Last time I told you about my decision to buy a Mazda MX-5 roadster. Well, that didn’t last long. You see, three months into my MX-5 ownership, and the honeymoon was ending. In fact, you could say our relationship was getting shaky due to the diminutive roadster entertaining and frustrating me in equal measure.
You don’t really get into an MX-5, but instead you drop into the as-low-as-it-gets seat and marvel at how closely placed all the controls are. Then you try to find a place to put your belongings and, eventually, settle for the passenger’s seat. Basically, if you don’t carry a bag, when you stop you’ll be retrieving them from the floor.
That’s because this little car really incites you to behave, um, let’s say immaturely. Its zippy four-cylinder responds readily to throttle inputs and, along with the LSD made controlling oversteer with gentle blips of the throttle and measured opposite lock a cinch.
The compact dimensions may result in a snug-fitting cabin but they also mean you have lots of room on the road to play with and the steering and low driving position gives you accurate info in real time about what’s going on in both axles.
Fuel costs are low, too. There’s no trip computer and I really didn’t keep track of the fuel consumption like I used to when road testing cars in my previous employment, but visits to gas stations were infrequent enough for me not to worry about giving it some stick.
Now here come the things that annoyed me. The soft top was not as air- or watertight as it should have been when closed, particularly on the driver’s side. Unclipping a plastic part and fiddling with an adjusting screw fixed it, though, I had to adjust the other end too, so they were aligned. It was something that I did quite often as broken roads and scuttle shake meant it would come loose again after some time.
Noise was a major issue as well. True, no canvas or cloth top is ever going to get close to matching the noise insulation of a metal roof but it felt like I was driving with the window open, which is good when you’re in the mood for it, tiring after a while, exhausting during a trip.
Not as tiring as having to deal with a two-seater while having three other members in the family, though. I firmly believe that a kid’s place, even if it’s a 10-year old, is in the back, not in the passenger seat . No rides with daddy then, which was really a shame.
Slowly, but steadily, the idea of swapping the fun to drive, but utterly impractical MX-5, for a four-seat rear-wheel drive car crept into my head. When winter started to show its teeth, I had to face the harsh truth that roadsters are meant for singles, preferably young at age, of which I am neither. I know; I should have thought it before I took the plunge, but I went against my own advice and made a buy based on impulse, not reason.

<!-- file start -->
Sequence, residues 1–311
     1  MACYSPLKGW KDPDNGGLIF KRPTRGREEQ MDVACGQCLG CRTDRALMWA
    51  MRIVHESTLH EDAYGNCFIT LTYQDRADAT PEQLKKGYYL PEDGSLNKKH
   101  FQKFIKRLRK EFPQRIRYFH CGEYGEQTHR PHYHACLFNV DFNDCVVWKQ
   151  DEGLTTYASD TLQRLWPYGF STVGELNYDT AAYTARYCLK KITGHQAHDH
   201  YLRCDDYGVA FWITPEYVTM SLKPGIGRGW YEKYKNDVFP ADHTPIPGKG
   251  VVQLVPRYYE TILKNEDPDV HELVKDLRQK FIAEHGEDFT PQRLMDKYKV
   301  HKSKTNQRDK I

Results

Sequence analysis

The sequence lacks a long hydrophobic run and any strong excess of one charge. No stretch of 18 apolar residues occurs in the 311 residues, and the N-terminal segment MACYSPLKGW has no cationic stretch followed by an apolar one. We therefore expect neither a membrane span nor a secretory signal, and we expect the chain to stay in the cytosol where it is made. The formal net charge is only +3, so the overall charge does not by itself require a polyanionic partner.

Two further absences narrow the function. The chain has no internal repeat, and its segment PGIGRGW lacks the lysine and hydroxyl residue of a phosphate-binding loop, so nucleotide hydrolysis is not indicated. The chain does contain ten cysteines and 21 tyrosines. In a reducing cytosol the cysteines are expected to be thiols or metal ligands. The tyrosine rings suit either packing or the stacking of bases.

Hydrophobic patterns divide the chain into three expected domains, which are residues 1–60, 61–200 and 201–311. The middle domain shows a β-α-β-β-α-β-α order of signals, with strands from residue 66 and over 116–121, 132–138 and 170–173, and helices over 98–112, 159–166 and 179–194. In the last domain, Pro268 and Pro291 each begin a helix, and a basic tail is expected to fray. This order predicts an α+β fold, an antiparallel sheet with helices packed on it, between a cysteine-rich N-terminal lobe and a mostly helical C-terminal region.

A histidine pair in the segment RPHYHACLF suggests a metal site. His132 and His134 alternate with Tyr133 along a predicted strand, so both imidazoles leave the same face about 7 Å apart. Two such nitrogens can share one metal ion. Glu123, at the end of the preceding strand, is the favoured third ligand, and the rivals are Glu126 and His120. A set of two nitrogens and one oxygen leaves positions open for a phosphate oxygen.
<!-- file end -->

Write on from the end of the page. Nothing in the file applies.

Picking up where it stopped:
The MX-5’s replacement was bought on emotion, too, which goes to show that you can’t teach an old dog new tricks. I had been eyeing it for quite some time, sitting in the forecourt of a dealer; it was on my way home and its striking blue color made it hard to miss anyway.
Yes, it did have four proper seats and, as a matter of fact, four-doors too (but a tiny boot). Like the car I had, it was also made in Hiroshima, but instead of a 1.8-liter four-cylinder it had a 1.3-liter rotary engine that revved beyond 9,000 rpm and was notorious for its fuel (ed. note: and…oil) consumption.
In my defense, it had full service history complete with receipts. That’s very important when buying used: service books can be forged, receipts dating years back can’t. Moreover, I also ran a check on Mazda’s database, from which it came up as advertised, before saying “I do”.
There were cheaper examples out there, but paying a little extra to get a car with a verified clean record seemed worth the expense. Even more so, as unlike most sellers, said dealer was happy to take the MX-5 as an exchange for the exact price I had paid for it and came with brand-new tires that, at 225/45 18, are worth nearly a grand. Still, my part exchange only covered half the price so the rest was on a bank loan with a monthly payment I could afford.
Picking up a 2006 RX-8 Cosmo as your daily driver when you know you’ll get 14 lt/100 km (17 mpg) at best and above 18 lt/100 km (13 mpg) when pushed hard as the fuel price hovers around the €1.6-1.7 per liter and you’ve heard all sorts of horror stories about rotary engine (un)reliability, is not exactly rational.
You only live once, though, and with it, I had all the bases covered–well, apart from the consumption and the miniscule boot. What I got was 228HP (231PS) for a 0-100 km/h (0-62 mph) in the mid-6 seconds, a slick six-speed manual transmission, rear-wheel drive with a Torsen limited-slip differential, ideal weight distribution and four seats.
As for its drinking habits, thanks to my country’s (Greece) completely irrational taxing system that penalizes engine capacity, its 1.3-liter engine meant the annual road tax disc came to only €135 – cheaper even than the wife’s Kia Venga 1.6 (€245), and way below a comparably powerful 2.5-3.0-liter naturally aspirated engine that costs somewhere in the region of €1,500-1,800 a year.
My thinking was that the considerable amount of cash saved on road tax would cover for the extra fuel. I was at the mercy of gas prices but, like most good things in life, nothing comes free.
On the way home, I was as happy as a clam. I was a bit sorry to see the little Miata go, but as I revved the rotary unit and felt that little gem of an engine spin past 7,000 rpm with barely a hint of strain, I assured myself that I had made the right choice.
I stand by my decision until now, which means the RX-8 is still here, even though soon enough (yeah, you guessed it) some foibles came up. More on that in the next installment of The CarScoop Diaries…
By Andrew Tsaousis
Photo Credits: Andrew Tsaousis / CarScoop